CD Review – Precious Bryant “The Truth”
Precious Bryant passed away this week on January 12th, 2013 at the age of 71. She was on a par with Etta Baker as a virtuoso performer, interpreting everything from trad tunes to classic blues, and writing some of her own material. Toward the end of her life, she started playing guitar with her son’s electric blues band, and the results were marvelous. – MC
Mama always said that whatever’s good is worth waiting for. But having to mark time until Precious Bryant released her stunning full-length recording debut in 2002 with Fool Me Good (Terminus Records) was almost too much to ask.
Fool Me Good is a solo acoustic blues album covering classics by artists like Blind Willie McTell as well as traditional and original tunes — including the title track — composed by the artist.
Fool Me Good was released 35 years after Precious Bryant recorded just two songs for a Rounder Records anthology (Rounder LP 2008). Her syncopated Piedmont-style guitar and a sweetly appealing voice that resembles Victoria Spivey’s, made this CD a classic among fans, who see in Bryant one of the more beguiling blues artists since Memphis Minnie.
Born in 1942 in Talbot County, Georgia, she retains memories of the harshness of farming and life in the racially volatile South. Fortunately, she grew up in a loving and musical family. Her father, a traditional blues artist, bought Precious her first guitar at age six — a big old dreadnought he encouraged her to play despite its outlandish size.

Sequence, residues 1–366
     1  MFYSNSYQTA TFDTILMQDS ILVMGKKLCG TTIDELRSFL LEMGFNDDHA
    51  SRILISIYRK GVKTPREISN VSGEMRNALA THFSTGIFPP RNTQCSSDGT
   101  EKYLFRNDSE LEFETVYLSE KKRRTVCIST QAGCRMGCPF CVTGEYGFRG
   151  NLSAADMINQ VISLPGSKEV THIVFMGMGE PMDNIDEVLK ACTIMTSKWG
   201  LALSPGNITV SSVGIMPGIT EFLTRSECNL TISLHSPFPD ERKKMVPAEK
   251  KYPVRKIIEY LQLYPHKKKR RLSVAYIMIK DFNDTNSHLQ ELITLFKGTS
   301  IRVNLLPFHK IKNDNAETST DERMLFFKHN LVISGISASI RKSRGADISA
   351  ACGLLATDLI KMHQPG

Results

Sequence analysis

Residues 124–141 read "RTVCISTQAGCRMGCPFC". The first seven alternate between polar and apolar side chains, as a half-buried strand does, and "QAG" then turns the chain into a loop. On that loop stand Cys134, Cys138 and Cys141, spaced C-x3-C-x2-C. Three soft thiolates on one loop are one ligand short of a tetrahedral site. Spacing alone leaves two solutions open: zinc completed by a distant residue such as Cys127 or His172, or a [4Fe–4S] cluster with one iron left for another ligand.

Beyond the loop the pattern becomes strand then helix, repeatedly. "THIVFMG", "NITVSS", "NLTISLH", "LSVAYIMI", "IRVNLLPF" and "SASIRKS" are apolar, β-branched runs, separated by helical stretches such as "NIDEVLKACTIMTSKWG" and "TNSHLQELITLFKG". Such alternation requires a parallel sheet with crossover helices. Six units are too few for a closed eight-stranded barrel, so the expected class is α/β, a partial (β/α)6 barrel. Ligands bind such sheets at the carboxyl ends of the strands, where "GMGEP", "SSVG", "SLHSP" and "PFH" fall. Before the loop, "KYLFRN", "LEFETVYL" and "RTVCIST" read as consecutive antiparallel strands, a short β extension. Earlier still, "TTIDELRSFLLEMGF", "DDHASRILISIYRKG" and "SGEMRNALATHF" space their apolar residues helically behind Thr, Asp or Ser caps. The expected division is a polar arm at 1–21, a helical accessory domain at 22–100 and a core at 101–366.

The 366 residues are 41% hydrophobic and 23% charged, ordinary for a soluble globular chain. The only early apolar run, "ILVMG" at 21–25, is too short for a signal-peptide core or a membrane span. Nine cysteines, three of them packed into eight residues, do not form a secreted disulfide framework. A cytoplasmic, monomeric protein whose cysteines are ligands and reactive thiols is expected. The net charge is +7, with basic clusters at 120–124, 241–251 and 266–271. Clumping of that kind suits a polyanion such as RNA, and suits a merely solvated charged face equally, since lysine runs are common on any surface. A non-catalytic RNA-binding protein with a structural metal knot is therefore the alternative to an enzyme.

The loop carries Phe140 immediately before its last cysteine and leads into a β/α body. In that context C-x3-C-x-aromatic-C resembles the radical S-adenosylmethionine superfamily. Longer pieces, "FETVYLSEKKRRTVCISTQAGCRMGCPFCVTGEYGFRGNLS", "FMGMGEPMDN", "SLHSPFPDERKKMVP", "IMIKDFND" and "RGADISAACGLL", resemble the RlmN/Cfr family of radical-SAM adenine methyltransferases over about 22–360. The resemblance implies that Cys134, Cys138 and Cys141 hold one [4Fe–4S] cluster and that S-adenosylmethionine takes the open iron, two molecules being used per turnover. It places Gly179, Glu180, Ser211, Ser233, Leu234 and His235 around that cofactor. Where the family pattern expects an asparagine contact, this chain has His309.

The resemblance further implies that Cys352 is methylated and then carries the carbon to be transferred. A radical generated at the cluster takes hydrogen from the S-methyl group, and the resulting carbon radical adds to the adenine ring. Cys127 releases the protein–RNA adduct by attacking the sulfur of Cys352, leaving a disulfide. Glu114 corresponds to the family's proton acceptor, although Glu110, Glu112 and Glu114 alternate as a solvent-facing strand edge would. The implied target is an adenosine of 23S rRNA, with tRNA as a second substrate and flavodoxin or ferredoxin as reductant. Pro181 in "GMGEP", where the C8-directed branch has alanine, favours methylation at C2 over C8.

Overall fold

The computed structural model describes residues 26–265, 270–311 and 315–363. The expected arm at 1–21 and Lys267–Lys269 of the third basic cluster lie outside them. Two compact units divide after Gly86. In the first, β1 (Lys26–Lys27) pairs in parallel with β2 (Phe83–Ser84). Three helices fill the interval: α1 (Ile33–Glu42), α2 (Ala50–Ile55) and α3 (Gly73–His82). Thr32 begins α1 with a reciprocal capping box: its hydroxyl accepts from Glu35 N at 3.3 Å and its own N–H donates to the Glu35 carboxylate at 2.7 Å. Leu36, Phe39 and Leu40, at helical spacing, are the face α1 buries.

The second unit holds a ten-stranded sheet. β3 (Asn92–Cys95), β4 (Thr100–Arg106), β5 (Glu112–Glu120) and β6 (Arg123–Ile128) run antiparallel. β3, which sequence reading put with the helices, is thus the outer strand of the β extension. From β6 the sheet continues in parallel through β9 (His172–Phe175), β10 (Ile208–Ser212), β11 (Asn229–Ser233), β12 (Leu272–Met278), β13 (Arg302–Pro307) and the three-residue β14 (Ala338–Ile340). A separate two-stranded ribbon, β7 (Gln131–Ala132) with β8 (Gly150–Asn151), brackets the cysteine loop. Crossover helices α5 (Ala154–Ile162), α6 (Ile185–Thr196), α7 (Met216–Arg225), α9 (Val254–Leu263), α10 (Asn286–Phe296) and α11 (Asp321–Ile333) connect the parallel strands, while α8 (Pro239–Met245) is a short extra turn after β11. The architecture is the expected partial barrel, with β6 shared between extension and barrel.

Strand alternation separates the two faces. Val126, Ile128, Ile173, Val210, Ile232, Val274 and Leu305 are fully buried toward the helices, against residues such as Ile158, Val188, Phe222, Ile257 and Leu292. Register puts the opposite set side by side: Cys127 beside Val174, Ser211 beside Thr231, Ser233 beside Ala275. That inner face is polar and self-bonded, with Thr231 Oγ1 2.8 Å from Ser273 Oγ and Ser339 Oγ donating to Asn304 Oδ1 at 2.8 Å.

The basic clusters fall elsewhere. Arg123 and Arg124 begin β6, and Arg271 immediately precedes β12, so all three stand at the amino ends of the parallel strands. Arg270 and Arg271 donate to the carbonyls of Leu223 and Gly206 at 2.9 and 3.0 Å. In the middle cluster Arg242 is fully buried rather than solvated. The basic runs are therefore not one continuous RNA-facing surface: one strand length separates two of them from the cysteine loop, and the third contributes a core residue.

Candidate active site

Given her maturity and background, it’s no surprise that she’s able to convey emotional truth in her songs.
Speaking of truth – actually, Bryant’s 14-track The Truth — it’s said that a second album release can easily tank because the artist has had less time to work on it.
However, The Truth is even more appealing than Fool Me Good, because Bryant has expanded her repertoire to include hard driving, foot-stomping R&B that comes as close to early rock and roll as a blues artist usually gets.
The choices are eclectic — from the spiritual (“Sit Down, Servant,” “If I Could Hear My Mother Pray”) to songs of personal trial (“Last Time,” “Tennessee Song”), and the sensually evocative (“Don’t Jump My Pony,” “You Can Have My Husband — But Don’t Take My Man”).
Bryant’s phrasing is underscored by her masterful playing. When she sings, “I Wish I Could Hear My Mother Pray,” you can almost see the hearse wending its way down the cemetery road.
The Truth shows a charismatic performer in her artistic prime having fun with acoustic and electric guitars, playing with a group of rhythm-roiling sidemen that includes her son Tony Bryant on bass.
If someone were to ask my recommendation for an excellent blues and R&B recording that doesn’t get stale if you play it all day, I’d have to say it’s Precious Bryant’s most recent release. And that’s The Truth.
Artists: Precious Bryant, guitar and vocals with Tony Bryant (bass), J.D. Mark (drums), Jake Fussell (guitar) and Amos Harvey (bass on track six; also producer)
CD Title: Precious Bryant: The Truth
Label: Terminus Records #0407-2
Reprinted from Blues Revue, 3/12.